Two families. 100 years apart. A sinister haunting…
It was supposed to be the dream house for Adam, Catherine, and their daughter, Bella. But dream houses can hold secrets. Settling in to their new home, the family realise they are not the only inhabitants of Abberton House.
A dark past continues to haunt the idyllic Yorkshire home, and those who remain want Adam and Catherine to know the truth. Frightened, Adam and Catherine begin to piece together what really happened at this once perfect abode.
A missing family, an elderly man searching for the truth, and secrets waiting to be revealed, moving in to Abberton House could be the worst decision the family made.
Today I am taking my turn on the blog tour for Abberton House by Debbie Ioanna. Thanks to Emma Welton of damp pebbles blog tours for asking me to take part in the tour and to the publisher for my copy of the book, which I have reviewed honestly and impartially.
This is a traditional haunted house story, rather than a spine-chilling horror, which is much more to my tastes as I am a bit of a scaredy cat and don’t like anything too terrifying or gory. It might be too tame for the out and out horror fan, but I thought it was a fun read with a pleasantly chilling frisson that will have you on the edge of your seat, but not having to sleep with the light on!
A family move in to an old, remote house in Yorkshire, only to find over time that they are not living alone. As the spooky happenings increase in frequency and ferocity, the family realise that they need to solve a hundred-year-old mystery to settle the spirits. In this regard, the story isn’t particularly original or startling, and I think a lot of readers might guess the outcome, but the way the story is told is entertaining enough to keep the reader interested to the end nonetheless.
The story bobs backwards and forwards between the lives of the family in the present day, and Elizabeth and her children living in the house in 1916 while the man of the house, Henry, is away on the frontline in the First World War. I really enjoyed the historical aspects of the book, the way the author portrayed the struggles of Elizabeth at that time and the dynamics of the close knit community, and how they judged people. This is mirrored to a degree in the modern day with Catherine and her family trying to fit into a new community in North Yorkshire and worrying what people will think if they find out they are seeing ghosts.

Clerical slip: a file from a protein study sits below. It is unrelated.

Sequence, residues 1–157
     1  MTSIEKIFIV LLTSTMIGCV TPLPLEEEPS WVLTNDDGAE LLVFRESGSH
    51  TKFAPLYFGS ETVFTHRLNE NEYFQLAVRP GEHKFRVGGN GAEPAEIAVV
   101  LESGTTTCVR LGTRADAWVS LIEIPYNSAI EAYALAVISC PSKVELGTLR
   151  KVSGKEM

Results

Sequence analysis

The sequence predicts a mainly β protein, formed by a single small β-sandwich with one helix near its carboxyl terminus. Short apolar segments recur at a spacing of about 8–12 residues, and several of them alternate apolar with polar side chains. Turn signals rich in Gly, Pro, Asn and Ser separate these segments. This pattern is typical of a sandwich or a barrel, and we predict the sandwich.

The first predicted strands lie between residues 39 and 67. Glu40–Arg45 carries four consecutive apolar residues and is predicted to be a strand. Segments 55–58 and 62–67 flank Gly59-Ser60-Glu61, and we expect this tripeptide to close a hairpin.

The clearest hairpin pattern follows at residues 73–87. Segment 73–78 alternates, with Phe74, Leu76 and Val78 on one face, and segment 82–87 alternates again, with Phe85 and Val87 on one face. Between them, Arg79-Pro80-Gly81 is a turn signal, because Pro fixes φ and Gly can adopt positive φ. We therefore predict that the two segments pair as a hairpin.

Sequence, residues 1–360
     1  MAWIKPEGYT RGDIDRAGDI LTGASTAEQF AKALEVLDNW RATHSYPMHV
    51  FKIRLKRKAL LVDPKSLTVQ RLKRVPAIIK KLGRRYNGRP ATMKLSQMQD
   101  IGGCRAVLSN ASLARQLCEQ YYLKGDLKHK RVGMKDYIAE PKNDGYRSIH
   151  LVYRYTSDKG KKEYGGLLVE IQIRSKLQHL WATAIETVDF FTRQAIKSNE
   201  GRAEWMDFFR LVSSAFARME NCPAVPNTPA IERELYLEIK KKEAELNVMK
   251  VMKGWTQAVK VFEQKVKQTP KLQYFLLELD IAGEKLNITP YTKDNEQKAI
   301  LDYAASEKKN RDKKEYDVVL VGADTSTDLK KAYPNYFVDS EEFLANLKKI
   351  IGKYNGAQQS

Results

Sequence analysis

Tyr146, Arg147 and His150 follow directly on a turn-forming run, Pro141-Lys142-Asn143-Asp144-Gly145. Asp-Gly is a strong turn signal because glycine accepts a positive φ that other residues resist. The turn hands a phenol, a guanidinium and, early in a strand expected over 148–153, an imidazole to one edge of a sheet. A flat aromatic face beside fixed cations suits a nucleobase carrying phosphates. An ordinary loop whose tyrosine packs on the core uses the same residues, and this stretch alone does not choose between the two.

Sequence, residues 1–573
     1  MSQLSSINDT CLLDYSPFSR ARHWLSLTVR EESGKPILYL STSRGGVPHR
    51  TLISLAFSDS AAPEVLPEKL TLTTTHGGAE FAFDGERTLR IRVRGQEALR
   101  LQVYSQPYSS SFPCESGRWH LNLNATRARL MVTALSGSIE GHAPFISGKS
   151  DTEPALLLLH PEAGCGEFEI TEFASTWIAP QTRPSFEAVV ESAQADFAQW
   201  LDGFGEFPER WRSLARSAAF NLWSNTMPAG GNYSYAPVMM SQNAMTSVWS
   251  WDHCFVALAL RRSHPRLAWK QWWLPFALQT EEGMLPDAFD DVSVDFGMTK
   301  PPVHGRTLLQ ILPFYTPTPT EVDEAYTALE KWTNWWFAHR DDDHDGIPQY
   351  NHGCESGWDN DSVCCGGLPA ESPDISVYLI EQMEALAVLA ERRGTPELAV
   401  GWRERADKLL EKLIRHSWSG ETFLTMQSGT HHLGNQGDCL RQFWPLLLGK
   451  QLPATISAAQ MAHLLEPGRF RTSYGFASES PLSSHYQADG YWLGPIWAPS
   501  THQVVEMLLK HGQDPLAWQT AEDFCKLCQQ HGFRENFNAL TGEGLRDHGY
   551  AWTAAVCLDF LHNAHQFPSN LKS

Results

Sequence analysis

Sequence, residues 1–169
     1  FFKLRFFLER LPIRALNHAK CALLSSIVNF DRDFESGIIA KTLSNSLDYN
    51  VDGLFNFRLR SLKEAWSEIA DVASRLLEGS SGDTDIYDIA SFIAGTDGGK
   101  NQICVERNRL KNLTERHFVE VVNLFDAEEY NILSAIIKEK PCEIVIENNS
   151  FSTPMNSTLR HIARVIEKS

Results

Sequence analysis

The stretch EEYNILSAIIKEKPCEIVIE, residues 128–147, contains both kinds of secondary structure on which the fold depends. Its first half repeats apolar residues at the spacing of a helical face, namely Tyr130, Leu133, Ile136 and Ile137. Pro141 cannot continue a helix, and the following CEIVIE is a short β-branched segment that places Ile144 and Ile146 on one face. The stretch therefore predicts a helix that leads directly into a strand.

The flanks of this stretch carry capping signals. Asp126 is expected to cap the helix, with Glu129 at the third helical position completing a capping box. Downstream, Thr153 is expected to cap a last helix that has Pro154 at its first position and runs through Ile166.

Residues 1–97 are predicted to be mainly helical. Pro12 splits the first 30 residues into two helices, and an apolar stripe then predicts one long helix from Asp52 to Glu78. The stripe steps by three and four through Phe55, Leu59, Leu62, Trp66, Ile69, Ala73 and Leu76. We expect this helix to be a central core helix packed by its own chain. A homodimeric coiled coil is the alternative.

The manifestations of the ghostly goings on in the house are not too terrifying, partly because the young daughter of the house did not seem especially scared. To be honest, I think I would have reacted much more strongly to supernatural happenings than Catherine, especially left alone at night in a remote house with a young child, but maybe she is just made of sterner stuff than I, and I suppose it made sense in the terms of the plot, making them want to help the spirits settle rather than just running screaming far, far away, but they could perhaps have been a little more terrified. I also felt there were aspects of the story that were a little under-developed (why did Mary take such a dislike to Michael, for example). The writing also felt quite formal in places, which was especially apparent in the speech, which didn’t feel entirely natural. These were all minor niggles though.
All in all, this is a well-constructed, entertaining supernatural thriller that will appeal to people who want to be chilled, but not scared witless.
Abberton House is out now in paperback and ebook formats and you can buy a copy here.
Do make sure to visit some of the other blogs taking part in the tour:
About the Author
Debbie is a multi-genre indie author and blogger who was born in Bradford and lives there with her husband, two-year-old daughter and anti-social cat Cleo. When she isn’t busy being a Mum, working for her local council or studying towards her Open University degree, she is busy focusing on her writing career.
Debbie doesn’t write to just one genre as she likes to write about anything. She is currently working on a romantic-comedy series but who knows what she will be working on in the future. As well as writing novels, short stories and blogs for her website, she is also reviewing other works by indie authors. She is passionate about helping other indie authors as she knows it is a hard world to master and getting reviews is a challenge on its own.
Debbie has been a regular attending author at the UK Indie Lit Fest in Bradford for the last few years and will be returning in 2020, as well as attending events in Shipley and Liverpool for the first time.
Debbie began studying with the Open University in 2015, aiming towards a BA Honours in Humanities, focusing on History and Creative Writing which are her two greatest passions. It is a part-time course, due to end in 2021 which Debbie is hoping means she will have more time to write.
Connect with Debbie:
Facebook: Debbie Ioanna Author